Updated: Feb 5, 2022
November 3, 2021 | New Residential Investment (NRZ) reported Q3 2021 earnings yesterday, providing an important window into developments in the mortgage industry. Unlike Mr. Cooper (COOP), NRZ reported higher gain on sale margins in Q3 2021. Revenue almost doubled from Q2 2021, but expenses also increased and, of note, servicing revenue was flat sequentially despite the close of the acquisition of Caliber Home Loans in August.
Source: NRZ Q3 2021
When NRZ closed the acquisition of Caliber, this added significantly to the firm’s top line as well as increased its mortgage servicing rights (MSR) portfolio. That said, the brisk rate of loan prepayments still visible in the industry took $421 million off the value of the NRZ MSR portfolio in the first nine months of 2021. These servicing assets as well as loans and MBS simply vanished in a cloud of prepayments, like magic. And no surprise, NRZ is still trading at book value.
Source: NRZ Q3 2021
A big question facing NRZ and other mortgage lenders and investors is the rate of prepayments going forward. Since 2020, prepayments on NRZ assets soared to over 30% annual rates on average spread across the firm’s portfolio. NRZ claims that originations exceeded MSR run off in Q3 2021, something the firm shares with COOP and other market leaders, but only due to great efforts in terms of recapturing refinance opportunities.
Source: NRZ Q3 2021
“During Q3’21, average portfolio speeds slowed for the third consecutive quarter but remain well above historical averages and have room for continued improvement as refinance burn-out continues,” NRZ states. “Newly created MSRs that are being added to our portfolio have a lower WAC and higher lifetime value than those paying off.” Well, maybe. If the Fed lowers rates again, those loans will prepay too.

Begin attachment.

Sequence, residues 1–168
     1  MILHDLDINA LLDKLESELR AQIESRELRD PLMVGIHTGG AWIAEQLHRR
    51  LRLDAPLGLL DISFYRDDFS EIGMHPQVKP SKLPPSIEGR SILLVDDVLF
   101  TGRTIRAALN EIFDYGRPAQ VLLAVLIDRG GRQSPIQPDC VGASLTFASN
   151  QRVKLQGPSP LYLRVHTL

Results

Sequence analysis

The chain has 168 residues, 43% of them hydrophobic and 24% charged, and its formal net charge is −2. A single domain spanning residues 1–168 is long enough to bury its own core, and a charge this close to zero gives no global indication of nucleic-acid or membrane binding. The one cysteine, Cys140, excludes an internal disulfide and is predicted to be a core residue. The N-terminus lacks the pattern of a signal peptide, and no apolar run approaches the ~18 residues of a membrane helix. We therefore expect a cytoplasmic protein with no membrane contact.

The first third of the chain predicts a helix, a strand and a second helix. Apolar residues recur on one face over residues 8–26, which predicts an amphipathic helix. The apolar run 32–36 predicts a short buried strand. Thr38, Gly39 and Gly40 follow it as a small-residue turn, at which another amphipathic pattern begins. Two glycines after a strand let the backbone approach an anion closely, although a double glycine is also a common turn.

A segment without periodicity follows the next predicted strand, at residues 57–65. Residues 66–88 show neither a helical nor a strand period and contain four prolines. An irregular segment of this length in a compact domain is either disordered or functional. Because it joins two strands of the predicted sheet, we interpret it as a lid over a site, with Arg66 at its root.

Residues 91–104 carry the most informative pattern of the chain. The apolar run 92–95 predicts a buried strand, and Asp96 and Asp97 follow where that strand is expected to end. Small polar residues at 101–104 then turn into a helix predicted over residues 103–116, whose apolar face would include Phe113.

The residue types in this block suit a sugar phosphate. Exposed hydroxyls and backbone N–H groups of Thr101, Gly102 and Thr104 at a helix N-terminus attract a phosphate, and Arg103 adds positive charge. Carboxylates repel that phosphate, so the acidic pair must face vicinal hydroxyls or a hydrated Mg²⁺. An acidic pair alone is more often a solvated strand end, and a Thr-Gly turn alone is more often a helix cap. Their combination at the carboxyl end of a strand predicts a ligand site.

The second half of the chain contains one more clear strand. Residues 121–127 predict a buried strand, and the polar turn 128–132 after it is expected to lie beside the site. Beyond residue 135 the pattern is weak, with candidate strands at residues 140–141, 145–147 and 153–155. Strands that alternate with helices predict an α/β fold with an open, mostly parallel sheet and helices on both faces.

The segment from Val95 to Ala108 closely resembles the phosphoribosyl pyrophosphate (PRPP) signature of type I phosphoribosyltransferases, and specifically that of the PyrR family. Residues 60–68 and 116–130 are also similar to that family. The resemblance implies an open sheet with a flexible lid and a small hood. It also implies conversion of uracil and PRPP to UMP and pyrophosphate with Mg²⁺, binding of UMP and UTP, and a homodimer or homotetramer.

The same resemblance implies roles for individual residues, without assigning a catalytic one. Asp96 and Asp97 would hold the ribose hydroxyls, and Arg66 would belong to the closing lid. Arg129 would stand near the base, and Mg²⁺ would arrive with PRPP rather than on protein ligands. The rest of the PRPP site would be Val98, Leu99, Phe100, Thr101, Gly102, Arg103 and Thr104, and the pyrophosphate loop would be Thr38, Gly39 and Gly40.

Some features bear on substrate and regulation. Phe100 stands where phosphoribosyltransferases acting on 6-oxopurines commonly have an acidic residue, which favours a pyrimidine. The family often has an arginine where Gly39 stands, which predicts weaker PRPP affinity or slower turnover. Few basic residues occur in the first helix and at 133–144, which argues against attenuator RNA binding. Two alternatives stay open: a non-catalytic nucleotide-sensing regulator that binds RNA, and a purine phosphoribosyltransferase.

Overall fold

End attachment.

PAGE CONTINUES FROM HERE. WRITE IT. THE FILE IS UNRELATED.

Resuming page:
We have observed previously that NRZ and other hybrid REITs do not have the luxury of being picky when it comes to asset purchases. When your book is running off at 25% per annum, buying or creating new assets is your one and only task. And you must replace assets that prepay before you can log any incremental growth, one of the unfortunate effects of the radical asset purchase policies of the US central bank. Thanks to Jerome Powell and the rest of the FOMC, we have asset price inflation, but zero or even negative duration in markets, sending asset returns falling towards the zero bound.
“Of course, it was not so long ago that lenders had primary-secondary spreads around 50 bps and lenders made more from the MSR’s monthly cash flows than they did on originating and selling a loan,” says Mike Carnes, Managing Director, Capital Markets MSR Valuation Group, at Mortgage Industry Advisory Corporation (MIAC). “Now we are making more from origination than from the MSR. This has created incentives for buyers to pay premiums for MSRs in the hope of recapturing some of the refinancing from a pool of loans.”